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Divided We Stand

Divided We Stand
New book about the 2020 election.

Sunday, August 8, 2010

Bush Bashing 2010 and Reagan Bashing 1994

In an article earlier this year, I pointed out similiarities between the 1994 and 2010 midterms. The likenesses continue to mount.

Michael Shear reports in The Washington Post:

As they brace for difficult fall elections, dispirited Democrats hoping to get back some of that 2008 magic are turning to the president for inspiration.

President Bush, that is.

Grainy images of the former president flashed across the screen in a recent ad by Sen. Patty Murray (D-Wash.). Rep. Joe Sestak (D-Pa.) is attacking his GOP rival in a Senate race for his "advancement of the Bush agenda."

Even President Obama has begun taking direct shots at his predecessor, something he had been careful to avoid in recent months.

"They don't have a single idea that's different from George Bush's ideas -- not one," Obama said during speeches this week at fundraisers in Atlanta and Chicago.

In interviews, mailings and television ads, Democratic candidates are again hauling out the specter of the former president to use as a foil. Nearly two years after he left office and virtually disappeared from public view, Bush -- his image, his policies, his legacy -- are being dragged back into the public arena.

Democrats tried the same approach in 1994. On October 13 of that year, the Post reported:

In a memo to the Democratic congressional leadership Oct. 12, [Stanley] Greenberg says this message "is much more powerful when it includes references to Reaganomics and Reagan's trickle-down policies."

Greenberg tested several phrases among voters -- "trickle down," "Reaganomics" and "Star Wars" -- and the results showed that voters had more negative than positive feelings about those phrases. Among undecided voters, 23 percent expressed "warm" feelings about Reaganomics while 48 percent expressed "cold" feelings. But when "Ronald Reagan" and "the 1980s" were tested, the results were not so good for Democrats. Forty-nine percent of voters surveyed had a "warm" feeling about the '80s compared with 20 percent who had a "cold" feeling.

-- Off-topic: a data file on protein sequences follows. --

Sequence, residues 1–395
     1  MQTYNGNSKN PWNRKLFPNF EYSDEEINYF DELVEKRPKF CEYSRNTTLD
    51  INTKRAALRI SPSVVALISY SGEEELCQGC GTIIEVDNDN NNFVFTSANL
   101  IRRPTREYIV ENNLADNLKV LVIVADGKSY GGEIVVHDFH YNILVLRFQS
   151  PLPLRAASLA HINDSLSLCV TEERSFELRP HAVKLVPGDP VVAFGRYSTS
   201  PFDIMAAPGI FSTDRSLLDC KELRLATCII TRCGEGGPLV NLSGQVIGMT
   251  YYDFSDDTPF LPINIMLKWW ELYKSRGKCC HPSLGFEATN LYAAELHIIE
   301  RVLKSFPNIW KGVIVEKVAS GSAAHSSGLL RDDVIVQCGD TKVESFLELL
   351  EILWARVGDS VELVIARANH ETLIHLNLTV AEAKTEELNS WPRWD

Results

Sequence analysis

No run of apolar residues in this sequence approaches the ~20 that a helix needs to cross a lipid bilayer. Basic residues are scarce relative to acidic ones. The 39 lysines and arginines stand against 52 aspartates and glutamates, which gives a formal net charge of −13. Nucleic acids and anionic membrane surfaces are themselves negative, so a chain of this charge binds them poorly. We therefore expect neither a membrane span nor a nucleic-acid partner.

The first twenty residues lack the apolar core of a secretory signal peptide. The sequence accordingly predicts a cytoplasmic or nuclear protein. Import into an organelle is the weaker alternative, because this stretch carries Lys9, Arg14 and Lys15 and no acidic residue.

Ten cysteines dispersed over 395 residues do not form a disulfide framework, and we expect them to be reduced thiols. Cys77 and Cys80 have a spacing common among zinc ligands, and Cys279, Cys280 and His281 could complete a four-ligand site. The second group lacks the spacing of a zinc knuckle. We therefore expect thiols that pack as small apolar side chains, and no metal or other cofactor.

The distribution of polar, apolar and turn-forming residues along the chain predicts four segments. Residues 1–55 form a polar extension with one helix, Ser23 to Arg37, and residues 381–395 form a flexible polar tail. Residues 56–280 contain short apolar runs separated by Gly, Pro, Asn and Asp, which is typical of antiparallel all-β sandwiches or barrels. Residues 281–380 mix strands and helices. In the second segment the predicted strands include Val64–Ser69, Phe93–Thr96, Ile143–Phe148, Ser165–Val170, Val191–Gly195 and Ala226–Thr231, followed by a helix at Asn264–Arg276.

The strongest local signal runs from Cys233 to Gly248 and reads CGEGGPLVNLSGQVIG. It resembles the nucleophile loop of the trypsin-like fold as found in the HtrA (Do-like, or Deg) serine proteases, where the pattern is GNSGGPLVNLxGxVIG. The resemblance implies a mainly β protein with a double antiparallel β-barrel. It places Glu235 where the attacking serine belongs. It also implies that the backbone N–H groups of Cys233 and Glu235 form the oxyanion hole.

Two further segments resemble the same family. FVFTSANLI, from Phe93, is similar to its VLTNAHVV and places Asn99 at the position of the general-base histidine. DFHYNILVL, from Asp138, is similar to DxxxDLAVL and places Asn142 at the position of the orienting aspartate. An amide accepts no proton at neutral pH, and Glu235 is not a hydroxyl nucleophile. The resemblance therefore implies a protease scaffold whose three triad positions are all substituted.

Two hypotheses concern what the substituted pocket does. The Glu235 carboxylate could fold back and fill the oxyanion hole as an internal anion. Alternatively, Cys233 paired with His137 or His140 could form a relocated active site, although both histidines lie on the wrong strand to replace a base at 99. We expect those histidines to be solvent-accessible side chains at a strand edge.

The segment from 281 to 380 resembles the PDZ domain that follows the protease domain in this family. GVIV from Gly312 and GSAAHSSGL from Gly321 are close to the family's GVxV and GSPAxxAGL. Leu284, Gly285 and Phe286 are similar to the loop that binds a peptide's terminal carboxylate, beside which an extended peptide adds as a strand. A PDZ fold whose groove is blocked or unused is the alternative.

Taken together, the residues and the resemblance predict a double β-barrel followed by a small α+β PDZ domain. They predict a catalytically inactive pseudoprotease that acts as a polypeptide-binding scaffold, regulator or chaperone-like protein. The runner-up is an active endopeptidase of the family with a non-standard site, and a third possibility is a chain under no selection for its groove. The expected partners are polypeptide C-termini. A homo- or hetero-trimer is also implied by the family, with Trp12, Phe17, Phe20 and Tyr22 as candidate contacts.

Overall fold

Not surprisingly then, the Democratic message attempts to link the GOP contract to the most negative images of the Reagan years, using language such as "explode the deficit" and "trickle-down economics." The ad campaign focuses on tax cuts for the wealthy, deep cuts in Medicare, education and veterans benefits, and "billions in defense increases."

One ad features GOP congressional candidates signing the contract on the Capitol steps Sept. 27, with a closeup of House Minority Whip Newt Gingrich (R-Ga.) as sinister-sounding music plays in the background. Another portrays a similar scene along with footage of senior citizens as an announcer concludes: "The Republican contract is designed to return to the Reagan years... . But why would we go back to that?"